The solicitors’ profession sometimes enjoys the unenviable reputation of being resistant to change. I myself have certain ways of getting work done and do not like them being altered. I am certainly unimpressed when I get to grips with one legal aid form only to find that it has changed, but if there is one profession which is adept at change when it matters, it is ours. The Society’s Council and Executive are seen from the outside as possibly also being resistant to change. As I listened to the Council debate on Friday, I thought of the tremendous change at the Society over the past few years and realised how untrue the reputation is.
Over the last 10 years the Society’s executive has been modernised almost beyond recognition into a businesslike and efficient organisation. The Council now has time to devote to proper debate rather than being drowned in a sea of paper as it was before our delegated powers scheme was introduced. Council is now embracing new ideas and concepts that would have been inconceivable even eight years ago when I first became a Council member.
The Society has called for an independent Complaints Commission to be set up. The Legal Profession and Legal Aid (Scotland) Bill was published last month and whilst it does set up such an independent commission, the reach of that body is far beyond dealing with service complaints. We have advised the Executive all along that in our view the proposed Commission is not ECHR compliant. Our concerns relate to the lack of an external appeal; the composition and lack of independence of the Commission; and the payment of a case fee even where a solicitor is exonerated. The Scottish Executive needs to be prepared to reconsider these issues and the Society and its members must keep telling them to do so. I have already emailed and written to all of you highlighting the other areas where the Society has concerns in relation to the bill. The real test now for the Society is to make sure that our proposals and arguments are seen as well thought out and constructive criticism rather than merely a reaction to the suggestion of change. Change in this area must be for the better rather than just for the sake of it.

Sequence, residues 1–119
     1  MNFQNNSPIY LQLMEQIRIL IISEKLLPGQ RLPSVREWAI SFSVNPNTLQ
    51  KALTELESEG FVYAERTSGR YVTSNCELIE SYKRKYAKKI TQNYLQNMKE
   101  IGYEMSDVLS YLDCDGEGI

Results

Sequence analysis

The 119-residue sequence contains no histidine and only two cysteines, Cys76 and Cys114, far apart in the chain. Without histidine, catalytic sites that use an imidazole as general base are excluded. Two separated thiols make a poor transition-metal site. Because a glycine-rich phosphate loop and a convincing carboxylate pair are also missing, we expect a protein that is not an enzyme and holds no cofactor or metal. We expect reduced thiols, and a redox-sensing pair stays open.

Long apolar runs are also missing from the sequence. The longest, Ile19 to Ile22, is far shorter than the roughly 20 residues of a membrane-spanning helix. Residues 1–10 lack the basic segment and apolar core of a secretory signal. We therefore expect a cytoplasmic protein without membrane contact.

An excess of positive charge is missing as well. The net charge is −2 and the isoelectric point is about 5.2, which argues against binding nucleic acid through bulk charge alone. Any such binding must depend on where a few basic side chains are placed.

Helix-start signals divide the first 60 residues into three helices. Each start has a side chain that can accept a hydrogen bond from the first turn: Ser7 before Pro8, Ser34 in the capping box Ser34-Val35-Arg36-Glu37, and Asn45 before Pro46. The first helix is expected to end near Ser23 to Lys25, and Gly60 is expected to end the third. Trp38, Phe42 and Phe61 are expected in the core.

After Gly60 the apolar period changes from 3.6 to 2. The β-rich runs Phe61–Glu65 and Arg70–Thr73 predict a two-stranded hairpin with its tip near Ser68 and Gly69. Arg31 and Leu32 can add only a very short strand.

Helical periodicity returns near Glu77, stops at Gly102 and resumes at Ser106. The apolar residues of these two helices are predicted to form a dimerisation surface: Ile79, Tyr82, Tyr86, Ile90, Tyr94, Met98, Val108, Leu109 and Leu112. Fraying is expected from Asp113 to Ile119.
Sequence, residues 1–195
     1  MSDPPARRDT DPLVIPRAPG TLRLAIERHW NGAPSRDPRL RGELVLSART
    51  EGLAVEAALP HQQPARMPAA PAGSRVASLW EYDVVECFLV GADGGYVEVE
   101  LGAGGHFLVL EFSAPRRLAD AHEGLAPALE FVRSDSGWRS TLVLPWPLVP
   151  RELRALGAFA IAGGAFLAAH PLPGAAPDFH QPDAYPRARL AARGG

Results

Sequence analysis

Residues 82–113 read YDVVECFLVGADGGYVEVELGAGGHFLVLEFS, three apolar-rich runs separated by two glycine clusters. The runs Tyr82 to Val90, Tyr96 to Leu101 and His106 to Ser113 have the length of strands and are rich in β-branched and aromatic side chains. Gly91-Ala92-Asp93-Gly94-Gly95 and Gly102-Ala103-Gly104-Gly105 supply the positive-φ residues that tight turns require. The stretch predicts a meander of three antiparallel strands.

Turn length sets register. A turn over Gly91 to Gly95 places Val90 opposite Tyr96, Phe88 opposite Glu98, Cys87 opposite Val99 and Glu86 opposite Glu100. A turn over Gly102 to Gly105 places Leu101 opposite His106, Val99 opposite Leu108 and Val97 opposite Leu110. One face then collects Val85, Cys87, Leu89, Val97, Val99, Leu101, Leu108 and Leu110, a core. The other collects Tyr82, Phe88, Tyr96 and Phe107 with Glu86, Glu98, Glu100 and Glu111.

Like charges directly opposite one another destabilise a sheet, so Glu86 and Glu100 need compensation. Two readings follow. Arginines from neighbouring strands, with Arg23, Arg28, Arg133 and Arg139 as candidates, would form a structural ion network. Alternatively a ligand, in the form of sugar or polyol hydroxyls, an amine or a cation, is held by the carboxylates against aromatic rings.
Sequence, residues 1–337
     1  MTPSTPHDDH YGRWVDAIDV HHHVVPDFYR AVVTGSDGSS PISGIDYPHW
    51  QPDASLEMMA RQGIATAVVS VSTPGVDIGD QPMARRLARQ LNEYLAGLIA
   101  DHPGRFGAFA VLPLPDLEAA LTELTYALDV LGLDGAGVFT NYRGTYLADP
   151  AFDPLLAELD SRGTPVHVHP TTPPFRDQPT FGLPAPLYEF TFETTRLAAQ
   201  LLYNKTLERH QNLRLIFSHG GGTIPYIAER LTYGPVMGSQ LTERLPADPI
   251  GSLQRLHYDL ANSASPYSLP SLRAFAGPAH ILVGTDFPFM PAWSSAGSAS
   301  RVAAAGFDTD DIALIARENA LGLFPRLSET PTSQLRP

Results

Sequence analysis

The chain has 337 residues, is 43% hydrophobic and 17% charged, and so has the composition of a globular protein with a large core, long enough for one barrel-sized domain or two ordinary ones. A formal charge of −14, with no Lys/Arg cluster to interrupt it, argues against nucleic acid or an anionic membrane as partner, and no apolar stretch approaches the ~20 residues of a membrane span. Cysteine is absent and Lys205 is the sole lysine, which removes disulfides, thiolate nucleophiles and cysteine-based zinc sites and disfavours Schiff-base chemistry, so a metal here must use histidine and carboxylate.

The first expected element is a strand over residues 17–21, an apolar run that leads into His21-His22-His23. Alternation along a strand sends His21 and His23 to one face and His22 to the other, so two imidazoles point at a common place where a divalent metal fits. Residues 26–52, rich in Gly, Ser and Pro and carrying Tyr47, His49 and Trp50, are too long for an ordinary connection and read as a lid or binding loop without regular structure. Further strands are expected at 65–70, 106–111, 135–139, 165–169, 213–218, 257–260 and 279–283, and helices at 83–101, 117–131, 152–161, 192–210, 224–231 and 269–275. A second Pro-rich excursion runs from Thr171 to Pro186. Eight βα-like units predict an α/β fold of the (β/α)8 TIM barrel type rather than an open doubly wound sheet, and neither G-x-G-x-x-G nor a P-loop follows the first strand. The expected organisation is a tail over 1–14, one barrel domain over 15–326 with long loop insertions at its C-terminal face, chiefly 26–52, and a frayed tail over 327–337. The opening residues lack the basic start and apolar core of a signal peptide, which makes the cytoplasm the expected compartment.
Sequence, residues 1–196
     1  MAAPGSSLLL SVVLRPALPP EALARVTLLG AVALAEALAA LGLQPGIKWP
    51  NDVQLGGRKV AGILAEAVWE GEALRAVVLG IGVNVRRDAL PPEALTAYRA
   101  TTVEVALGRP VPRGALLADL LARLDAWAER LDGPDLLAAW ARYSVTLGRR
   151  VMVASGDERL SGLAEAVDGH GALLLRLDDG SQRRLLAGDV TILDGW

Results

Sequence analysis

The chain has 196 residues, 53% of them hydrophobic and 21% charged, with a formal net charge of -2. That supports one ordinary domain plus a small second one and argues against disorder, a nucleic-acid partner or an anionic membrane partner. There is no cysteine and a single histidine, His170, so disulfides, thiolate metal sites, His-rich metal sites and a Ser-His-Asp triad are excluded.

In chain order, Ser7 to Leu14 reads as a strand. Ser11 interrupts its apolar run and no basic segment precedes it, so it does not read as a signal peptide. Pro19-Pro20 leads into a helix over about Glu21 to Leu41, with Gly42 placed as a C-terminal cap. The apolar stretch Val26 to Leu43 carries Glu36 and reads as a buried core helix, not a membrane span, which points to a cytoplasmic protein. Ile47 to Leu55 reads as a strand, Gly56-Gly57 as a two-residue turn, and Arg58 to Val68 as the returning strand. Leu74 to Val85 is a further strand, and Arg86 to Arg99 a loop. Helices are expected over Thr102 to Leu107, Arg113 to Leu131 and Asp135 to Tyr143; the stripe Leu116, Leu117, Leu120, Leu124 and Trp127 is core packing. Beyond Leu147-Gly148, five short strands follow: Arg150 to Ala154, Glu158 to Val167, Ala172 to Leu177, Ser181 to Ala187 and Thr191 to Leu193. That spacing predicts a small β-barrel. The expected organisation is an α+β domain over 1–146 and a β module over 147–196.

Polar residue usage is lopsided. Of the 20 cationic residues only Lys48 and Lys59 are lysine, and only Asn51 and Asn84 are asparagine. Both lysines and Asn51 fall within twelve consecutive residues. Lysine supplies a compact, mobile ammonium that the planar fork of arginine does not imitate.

I was delighted that so many deans attended a meeting in the evening before the AGM. There was a far-reaching discussion, focusing mainly on legal aid and the bill. That discussion in relation to the bill was replicated at a very positive AGM the following day. May I thank all of those who attended the AGM and, in particular, those who might not normally have done so but wanted to be part of the discussion on the new bill. It was interesting and encouraging to hear the various concerns and points raised by all of those who attended the AGM. These concerns were expressed not only by the smaller high street firms but also representatives of some of the largest firms and also by academics.
The Annual Conference was also in March and its theme of “Get Connected” was particularly apt in a year when communication has been my main theme as President and the Society’s Journal also celebrated its 50th anniversary. I very much enjoyed the conference and I think that those attending also found it interesting and stimulating.
By the time you read this it will also have been “all change” at the Scottish Legal Aid Board and the Ombudsman’s office. Jean Couper, chairman of SLAB, retired from that post at the end of March. She will be missed by those of us involved in legal aid work as she brought diplomacy and common sense to the job. At a time when a garage mechanic’s time is charged out at more than the legal aid rate for solicitors’ work I believe there has never been a greater threat to the provision of legal aid. I hope that Jean’s successor is appointed soon and that he/she shares Jean’s commitment?
Mrs Costelloe-Baker also leaves her post as Ombudsman over two months early, without any sign of her replacement being appointed. It will be unhelpful to the smooth running of the complaints system if there is a substantial gap. If the Scottish Executive wants a positive perception of their ability to oversee a complaints system they need to go the right way about it!
So there is much for the profession to focus on this month – although in the logistics of work and meetings that I am becoming increasingly adept at managing, as I finally get used to being President only just before I finish up, why is it that when the clocks go forward it feels as if a whole day has been lost rather than just one hour…?
In this issue
- Bias and mental health tribunals: a reply
- Legal science or law-lite? A response (1)
- Opening a binding global route for personal data
- Mentally disordered offenders
- Change but not for the sake of it
- Legal science or law-lite? A response
- On message
- A bill to query
- Client confidentiality and freedom of information
- Rushed law and wrongful death
- Qualifying by degrees
- Safeguards before the MHTs
- The treatment of pension rights on divorce
- We've paid for it: what do you mean it's not ours?
- Communication: the #1 risk management tool?
- Sugar but not sweet
- AGM report
- Guidance on guidelines
- The licensed trade: going up in smoke?
- Clause for concern
- Fully charged
- Scottish Solicitors' Discipline Tribunal
- Website reviews
- Book reviews
- New CAR drives discharge regime